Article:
How Not to Define Government

This image popped up in my Facebook news feed some years back. I can’t even find the originating image for it, it has been that long ago and had so little impact. I had several thoughts at the time which I lined out as bullet points. A rather lengthy breakdown for what is a five-minute throw-away joke image for Facebook.

Still. I know there are thousands, possibly even millions that would laugh at that joke. I in my previous libertarian persona would have probably accepted it as wryly humorous fact, which is precisely why I took the time to break down the many heuristical errors present in just thinking the observation true enough to be funny.

Not satisfied with wasting an hour or two breaking down a meaningless joke image once and filing it away, I have now spent even more time writing a lengthy post about it, proving the tagline of this blog is accurate.

As to the offered definition of government itself. You can believe any fool thing you want including that gravity doesn’t exist because it is a theory. I wouldn’t suggest jumping off buildings if you do, even though Douglas Adams describes learning to fly as throwing yourself at the ground and missing. Never mistake a joke for something that is true or actually possible. The image is a joke, it just isn’t a funny joke.

Government cannot actually defy science because government cannot change the laws of nature. That is why pi remains an irrational number most accurately described as 355/113 even though several governments have mistakenly believed they could change it. Math is always going to be math and 2+2=4 is true for every instance of reality as we know it. Do not throw the word quantum at me as a counter-argument because I will know that you are stupid if you do.

Economics really isn’t a science in much the same way and for the same reason that psychology is only vaguely a science. Both are in part human constructs held as beliefs within human minds. Therefore “laws of economics” are more rules of thumb than actual laws.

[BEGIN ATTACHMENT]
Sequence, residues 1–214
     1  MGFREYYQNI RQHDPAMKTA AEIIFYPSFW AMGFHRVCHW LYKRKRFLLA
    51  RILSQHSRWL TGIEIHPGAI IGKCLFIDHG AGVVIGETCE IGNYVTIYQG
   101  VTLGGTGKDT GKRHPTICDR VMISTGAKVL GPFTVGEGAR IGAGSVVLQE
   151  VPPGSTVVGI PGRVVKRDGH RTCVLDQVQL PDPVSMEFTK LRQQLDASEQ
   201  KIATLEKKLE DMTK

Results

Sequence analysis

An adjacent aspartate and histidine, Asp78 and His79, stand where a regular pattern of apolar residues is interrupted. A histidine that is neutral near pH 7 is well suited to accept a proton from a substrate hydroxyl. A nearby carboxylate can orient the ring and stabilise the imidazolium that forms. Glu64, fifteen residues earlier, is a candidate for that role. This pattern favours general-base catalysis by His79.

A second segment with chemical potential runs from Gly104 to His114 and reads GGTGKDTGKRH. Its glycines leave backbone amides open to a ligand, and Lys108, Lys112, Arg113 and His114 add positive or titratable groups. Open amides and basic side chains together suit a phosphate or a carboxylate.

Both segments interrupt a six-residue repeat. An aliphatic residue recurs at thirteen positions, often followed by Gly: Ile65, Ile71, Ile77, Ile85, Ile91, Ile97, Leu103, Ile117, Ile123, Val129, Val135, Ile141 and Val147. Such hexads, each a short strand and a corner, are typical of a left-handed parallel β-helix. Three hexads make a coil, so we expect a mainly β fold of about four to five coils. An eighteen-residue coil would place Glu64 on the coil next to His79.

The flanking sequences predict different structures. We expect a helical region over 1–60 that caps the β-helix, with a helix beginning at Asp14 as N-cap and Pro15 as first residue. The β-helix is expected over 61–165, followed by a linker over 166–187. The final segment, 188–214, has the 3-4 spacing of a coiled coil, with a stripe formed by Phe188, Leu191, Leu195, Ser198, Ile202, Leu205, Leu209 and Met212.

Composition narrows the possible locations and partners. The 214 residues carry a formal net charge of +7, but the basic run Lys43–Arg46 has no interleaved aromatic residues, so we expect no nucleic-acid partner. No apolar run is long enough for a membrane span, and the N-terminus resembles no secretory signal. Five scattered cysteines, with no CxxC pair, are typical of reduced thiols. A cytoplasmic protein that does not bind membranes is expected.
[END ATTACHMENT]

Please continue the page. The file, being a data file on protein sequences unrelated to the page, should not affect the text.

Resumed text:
In short, even if there are laws of economics, we haven’t been observing them for long enough to know what they actually are. And given the vagaries of human behavior and the mercurial nature of states, people and institutions, the notion that there’s some grand mechanistic, master system that explains all and predicts everything is at best a comforting fiction and at worst a straitjacket that precludes creativity, forestalls innovation and destroys dynamism.

Referencing “the laws of economics” as a way to refute arguments or criticize ideas has the patina of clarity and certainty. The reality is that referencing such laws is simply another way to justify beliefs and inclinations. I may agree that the war on drugs is flawed, but not because it violates “laws of economics,” but rather because it fails in most of its basic goals. The test of whether government spending or central bank easing is good policy should be whether they succeed in ameliorating the problems of stagnant growth and high unemployment, not on what the “laws of economics” erroneously say about certain future outcomes.

The Atlantic, The Laws of Economics Don’t Exist

As an example, one can continue to print money without limit so long as the money isn’t allowed to collect anywhere in a volume large enough to break the system. People will continue to use and spend money blithely believing whatever they want to believe about the system they are part of so long as the system continues. That is the beauty of the human animal and its selective cognition machine that we call a brain. We only tend to notice structures when they fail,  and then we marvel at the complexity of the system that functioned so well we never noticed it until it was gone.

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